When I get the book in my hand and open it, I find that the passion of our Savior, His resurrection on the third day, and the assumption of Christ back to heaven happened in the eighteenth year of the emperor Tiberius. And I saw there that the apostles after a few days elected the well-named Stephen and his companions to serve as deacons. I learn that after this there was a huge insurrection among the Jews, as we have already stated, and that Stephen then fought his fight, while Paul indeed approved of the murder. Soon he met the leaders of the Jews and received letters to the Jews in Damascus against the disciples. But in the middle of his journey the call came to him from God. This was a short time before the end of the year. When the nineteenth year of the emperor Tiberius began, Paul began to preach the message, the story tells, and he traversed the whole world preaching faith in Christ, until the thirteenth year of the emperor Claudius, when Felix was governor in Judaea. When Paul was accused by the Jews, he defended himself before him. But he kept the Apostle for two years in the prison of Caesarea. When Porcius Festus succeeded him in office, he soon wanted to reopen his case, thus presenting a great favor to the Jews. Then, as the blessed one understood that he could not escape the treachery unless he appealed to the emperor, he did so before the tribunal and was sent to emperor Nero in Rome. With him he had Aristarchus, whom he rightly called his fellow prisoner somewhere in the letters, and Luke, who consigned the acts of the apostles to writing. So there, in the city of the Romans, Paul was again kept under guard for two whole years.

Luke tells the story up to this point in the Acts of the Apostles, as this was the time when he finished his book. Since he had no knowledge then of what happened later, he did not include his martyrdom, as Luke and Aristarchus then left him and went away. But Eusebius, who has accurately described the following period, has told us also the story of his martyrdom in the second book of his History of the Church.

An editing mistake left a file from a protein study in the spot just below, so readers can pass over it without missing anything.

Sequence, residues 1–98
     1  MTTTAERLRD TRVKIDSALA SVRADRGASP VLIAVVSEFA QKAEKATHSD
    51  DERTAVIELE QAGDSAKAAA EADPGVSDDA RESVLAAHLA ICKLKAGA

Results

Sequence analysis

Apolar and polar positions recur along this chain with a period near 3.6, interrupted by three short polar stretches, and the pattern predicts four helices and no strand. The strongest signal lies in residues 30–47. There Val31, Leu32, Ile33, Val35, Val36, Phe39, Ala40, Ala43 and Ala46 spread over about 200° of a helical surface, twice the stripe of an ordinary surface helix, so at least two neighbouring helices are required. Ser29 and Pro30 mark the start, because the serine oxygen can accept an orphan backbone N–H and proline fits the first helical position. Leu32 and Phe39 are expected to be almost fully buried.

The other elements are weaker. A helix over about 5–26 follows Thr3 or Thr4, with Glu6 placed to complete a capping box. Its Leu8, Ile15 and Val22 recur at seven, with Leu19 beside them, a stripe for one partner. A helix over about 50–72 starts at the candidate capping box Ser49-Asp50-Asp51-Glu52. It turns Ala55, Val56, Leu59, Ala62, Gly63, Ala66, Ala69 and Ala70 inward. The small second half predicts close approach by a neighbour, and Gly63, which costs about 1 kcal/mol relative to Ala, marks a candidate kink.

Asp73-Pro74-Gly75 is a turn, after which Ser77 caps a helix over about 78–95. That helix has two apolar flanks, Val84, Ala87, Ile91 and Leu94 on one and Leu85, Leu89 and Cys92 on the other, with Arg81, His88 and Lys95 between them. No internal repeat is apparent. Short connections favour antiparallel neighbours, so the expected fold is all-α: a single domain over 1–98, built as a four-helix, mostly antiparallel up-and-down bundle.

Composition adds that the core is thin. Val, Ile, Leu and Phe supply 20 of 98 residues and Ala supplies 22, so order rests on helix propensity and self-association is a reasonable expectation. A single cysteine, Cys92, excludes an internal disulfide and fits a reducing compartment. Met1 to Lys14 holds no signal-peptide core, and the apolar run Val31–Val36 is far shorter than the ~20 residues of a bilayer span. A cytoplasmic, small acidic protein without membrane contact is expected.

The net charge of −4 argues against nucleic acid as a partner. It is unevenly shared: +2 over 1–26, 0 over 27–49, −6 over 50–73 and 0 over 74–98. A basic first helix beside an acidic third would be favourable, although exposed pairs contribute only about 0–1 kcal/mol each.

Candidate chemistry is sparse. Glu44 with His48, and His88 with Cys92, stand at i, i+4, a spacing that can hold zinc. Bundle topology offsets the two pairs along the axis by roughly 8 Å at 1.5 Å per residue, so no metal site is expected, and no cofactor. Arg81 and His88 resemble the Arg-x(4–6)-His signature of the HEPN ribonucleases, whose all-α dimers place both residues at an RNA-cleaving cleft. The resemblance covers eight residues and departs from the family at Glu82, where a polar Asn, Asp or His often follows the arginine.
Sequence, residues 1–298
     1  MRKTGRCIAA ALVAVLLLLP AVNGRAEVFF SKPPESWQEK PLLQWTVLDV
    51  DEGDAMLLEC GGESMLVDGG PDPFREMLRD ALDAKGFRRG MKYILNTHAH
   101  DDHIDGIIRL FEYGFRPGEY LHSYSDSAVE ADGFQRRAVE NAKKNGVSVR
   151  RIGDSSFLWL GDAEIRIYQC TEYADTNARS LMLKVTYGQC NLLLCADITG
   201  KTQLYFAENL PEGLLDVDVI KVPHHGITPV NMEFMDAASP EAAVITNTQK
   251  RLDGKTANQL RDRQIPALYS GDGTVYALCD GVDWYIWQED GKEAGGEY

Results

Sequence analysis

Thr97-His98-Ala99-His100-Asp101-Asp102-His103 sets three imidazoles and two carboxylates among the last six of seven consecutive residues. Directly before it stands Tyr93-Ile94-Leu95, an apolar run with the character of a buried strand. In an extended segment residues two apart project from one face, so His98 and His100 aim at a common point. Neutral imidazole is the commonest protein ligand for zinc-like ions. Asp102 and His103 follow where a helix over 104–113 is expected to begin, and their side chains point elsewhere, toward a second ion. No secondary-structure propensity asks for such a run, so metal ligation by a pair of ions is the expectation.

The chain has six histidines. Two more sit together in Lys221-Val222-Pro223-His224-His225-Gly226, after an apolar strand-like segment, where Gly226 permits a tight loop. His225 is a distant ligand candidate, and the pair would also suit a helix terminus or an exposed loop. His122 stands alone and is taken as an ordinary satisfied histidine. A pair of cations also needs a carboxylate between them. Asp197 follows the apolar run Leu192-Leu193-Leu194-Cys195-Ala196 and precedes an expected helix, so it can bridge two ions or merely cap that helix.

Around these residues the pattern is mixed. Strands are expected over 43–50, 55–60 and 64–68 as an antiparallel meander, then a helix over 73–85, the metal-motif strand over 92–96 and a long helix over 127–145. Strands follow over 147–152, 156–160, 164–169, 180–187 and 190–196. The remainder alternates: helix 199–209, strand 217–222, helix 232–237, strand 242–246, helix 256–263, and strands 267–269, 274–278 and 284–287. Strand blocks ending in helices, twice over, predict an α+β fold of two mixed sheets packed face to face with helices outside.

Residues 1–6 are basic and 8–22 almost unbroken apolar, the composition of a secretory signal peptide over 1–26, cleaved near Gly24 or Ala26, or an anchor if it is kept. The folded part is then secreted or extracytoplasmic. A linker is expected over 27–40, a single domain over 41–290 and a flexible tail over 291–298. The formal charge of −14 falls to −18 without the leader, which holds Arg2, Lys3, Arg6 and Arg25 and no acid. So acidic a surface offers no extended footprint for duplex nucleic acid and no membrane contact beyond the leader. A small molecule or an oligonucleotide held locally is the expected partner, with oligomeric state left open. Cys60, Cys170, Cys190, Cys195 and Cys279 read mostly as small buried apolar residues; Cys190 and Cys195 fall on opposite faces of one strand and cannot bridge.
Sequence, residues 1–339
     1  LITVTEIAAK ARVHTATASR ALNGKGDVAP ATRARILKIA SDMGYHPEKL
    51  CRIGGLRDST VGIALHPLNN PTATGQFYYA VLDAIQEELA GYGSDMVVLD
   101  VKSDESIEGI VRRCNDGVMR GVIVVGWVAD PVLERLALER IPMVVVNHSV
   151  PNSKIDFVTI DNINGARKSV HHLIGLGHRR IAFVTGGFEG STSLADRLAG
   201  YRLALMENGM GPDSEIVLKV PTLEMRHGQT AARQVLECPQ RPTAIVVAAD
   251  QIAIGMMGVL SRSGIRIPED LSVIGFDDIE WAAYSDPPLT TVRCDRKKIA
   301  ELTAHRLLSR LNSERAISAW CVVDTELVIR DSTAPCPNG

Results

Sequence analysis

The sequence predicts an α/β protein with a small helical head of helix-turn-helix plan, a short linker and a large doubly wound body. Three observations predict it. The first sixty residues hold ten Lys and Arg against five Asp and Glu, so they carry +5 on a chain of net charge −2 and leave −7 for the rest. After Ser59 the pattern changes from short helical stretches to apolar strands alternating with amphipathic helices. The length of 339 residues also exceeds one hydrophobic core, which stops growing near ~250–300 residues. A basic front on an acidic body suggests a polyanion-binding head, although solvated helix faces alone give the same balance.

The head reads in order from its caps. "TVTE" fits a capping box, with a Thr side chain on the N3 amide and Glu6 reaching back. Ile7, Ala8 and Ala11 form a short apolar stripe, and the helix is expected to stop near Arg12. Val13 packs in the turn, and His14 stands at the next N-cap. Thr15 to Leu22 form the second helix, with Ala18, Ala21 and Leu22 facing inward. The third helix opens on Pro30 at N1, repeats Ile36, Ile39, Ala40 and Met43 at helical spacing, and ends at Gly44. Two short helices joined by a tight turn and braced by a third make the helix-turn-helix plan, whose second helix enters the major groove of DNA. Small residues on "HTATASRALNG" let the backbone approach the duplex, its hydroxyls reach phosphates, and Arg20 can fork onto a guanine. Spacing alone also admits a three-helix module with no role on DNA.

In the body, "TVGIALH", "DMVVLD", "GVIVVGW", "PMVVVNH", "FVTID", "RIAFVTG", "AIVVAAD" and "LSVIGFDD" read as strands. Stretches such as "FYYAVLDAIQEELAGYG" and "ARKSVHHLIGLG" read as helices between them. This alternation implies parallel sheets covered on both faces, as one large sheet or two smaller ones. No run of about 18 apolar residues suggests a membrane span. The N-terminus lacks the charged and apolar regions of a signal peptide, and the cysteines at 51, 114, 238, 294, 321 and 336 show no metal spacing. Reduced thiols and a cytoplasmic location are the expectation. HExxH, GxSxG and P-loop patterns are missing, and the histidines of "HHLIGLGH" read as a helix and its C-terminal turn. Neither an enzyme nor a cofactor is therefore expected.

He says that Paul lived as a free man, and he confirms that he preached the word of God, no one preventing him. It is said that Paul, having defended himself before Nero, was sent from the emperor as a free man to serve the message, and that he preached the gospel for ten more years. When Nero reached the height of his madness, he killed Agrippina, his own mother, and also his father’s sister, his own wife Octavia and countless other relatives. After that, he instigated a general persecution of the Christians. And thus, he was roused to bring slaughter upon the apostles. Then, having called Paul to him, he once again placed him before the tribunal. Luke was with him also this time. Then it happened, in the thirty-sixth year after the passion of our Savior, in the thirteenth year of Nero, that Paul died as a martyr by having his head cut off by the sword.